Thursday, July 08, 2004



Earlier on I quoted with approval this comment:

"...unlike most of the “anti-war” crowd, I didn’t regard Iraq as merely a pretext for carrying on domestic (British or US) political spats by other means. I can separate my dislike and contempt for Blair (and Cook, and Dubya, and indeed almost all other bourgeois politicians) from my judgement on Iraq: can you?"

But others make it their business to expose those who:

"...wish dearly to deflect the argument about the war from being a referendum on Bush to being a strict humanitarian concern with the fate of Iraqis."

Heaven forbid.

I think you should at least take care to engage with the whole argument. I emphatically am not suggesting that the fate of Iraqis should not be discussed. It is obviously central. But also central is the Bush administration's intentions for the world, amply discussed in PNAC documents and further examined in the National Security Strategy 2002. It does serious violence to the truth to separate one's appraisal of the Bush regime's ambitions from one's appraisal of the war. How on earth could you exact a serious analysis of the war if you didn't also permit some investigation into the "priorities" of those waging it?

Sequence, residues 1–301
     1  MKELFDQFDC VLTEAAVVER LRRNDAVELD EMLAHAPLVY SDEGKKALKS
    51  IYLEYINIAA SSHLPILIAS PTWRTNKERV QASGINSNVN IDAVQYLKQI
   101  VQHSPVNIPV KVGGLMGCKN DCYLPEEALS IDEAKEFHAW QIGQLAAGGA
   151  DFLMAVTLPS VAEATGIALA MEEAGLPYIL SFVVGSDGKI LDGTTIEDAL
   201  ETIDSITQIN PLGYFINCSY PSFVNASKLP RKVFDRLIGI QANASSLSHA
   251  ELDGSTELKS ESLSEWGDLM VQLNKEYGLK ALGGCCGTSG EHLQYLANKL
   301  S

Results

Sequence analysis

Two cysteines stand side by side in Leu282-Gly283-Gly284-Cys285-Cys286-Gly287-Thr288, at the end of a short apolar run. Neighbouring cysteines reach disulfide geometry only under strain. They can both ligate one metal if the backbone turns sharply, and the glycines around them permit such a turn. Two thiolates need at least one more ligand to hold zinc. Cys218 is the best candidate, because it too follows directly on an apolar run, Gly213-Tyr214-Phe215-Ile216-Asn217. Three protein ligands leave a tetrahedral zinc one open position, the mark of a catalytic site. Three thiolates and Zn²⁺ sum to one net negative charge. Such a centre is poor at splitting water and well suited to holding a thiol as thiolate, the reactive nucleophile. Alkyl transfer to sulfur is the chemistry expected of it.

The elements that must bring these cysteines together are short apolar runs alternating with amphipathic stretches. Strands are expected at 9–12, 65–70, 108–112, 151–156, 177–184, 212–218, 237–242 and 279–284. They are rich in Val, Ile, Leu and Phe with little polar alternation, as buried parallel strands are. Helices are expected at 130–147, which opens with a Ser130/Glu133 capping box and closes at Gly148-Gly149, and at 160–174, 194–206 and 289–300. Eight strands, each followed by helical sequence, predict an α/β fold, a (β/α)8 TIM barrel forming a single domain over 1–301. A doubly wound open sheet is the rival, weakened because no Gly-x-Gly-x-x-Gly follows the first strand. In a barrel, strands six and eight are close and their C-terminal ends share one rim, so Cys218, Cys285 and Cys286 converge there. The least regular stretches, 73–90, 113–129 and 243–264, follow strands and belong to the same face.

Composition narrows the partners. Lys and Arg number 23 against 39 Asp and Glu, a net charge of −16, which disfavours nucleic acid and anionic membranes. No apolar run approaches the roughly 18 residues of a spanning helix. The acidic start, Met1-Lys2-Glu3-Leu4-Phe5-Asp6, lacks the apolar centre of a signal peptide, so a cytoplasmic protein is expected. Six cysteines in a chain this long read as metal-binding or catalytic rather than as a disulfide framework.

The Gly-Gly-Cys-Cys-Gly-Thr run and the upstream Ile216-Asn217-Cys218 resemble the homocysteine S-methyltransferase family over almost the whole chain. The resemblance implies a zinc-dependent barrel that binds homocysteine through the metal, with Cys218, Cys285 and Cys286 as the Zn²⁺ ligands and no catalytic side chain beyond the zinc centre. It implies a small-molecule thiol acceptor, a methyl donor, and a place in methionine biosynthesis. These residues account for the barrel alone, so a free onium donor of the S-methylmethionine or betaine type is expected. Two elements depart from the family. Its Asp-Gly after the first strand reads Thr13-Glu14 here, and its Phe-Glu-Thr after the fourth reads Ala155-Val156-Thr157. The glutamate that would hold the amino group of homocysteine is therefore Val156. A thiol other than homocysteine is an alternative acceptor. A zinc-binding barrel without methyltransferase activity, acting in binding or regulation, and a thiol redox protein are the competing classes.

Is it realistic to assume that the Bush administration has just spent over $100bn on a pure humanitarian exercise?

Do the baleful consequences of the war to date bear any relationship to US goals in Iraq and in the region?

Personally, I prefer the stance of the Iraqi Free Trade Unions who opposed both the war and the occupation, insisting that a campaign of international solidarity would have helped internal dissenters do the job of overthrowing Saddam for themselves. At least this does not abstract humanitarian concerns from the dense mesh of geopolitical considerations in which they are always-already embedded.
Post a Comment

<< Home

This page is powered by Blogger. Isn't yours?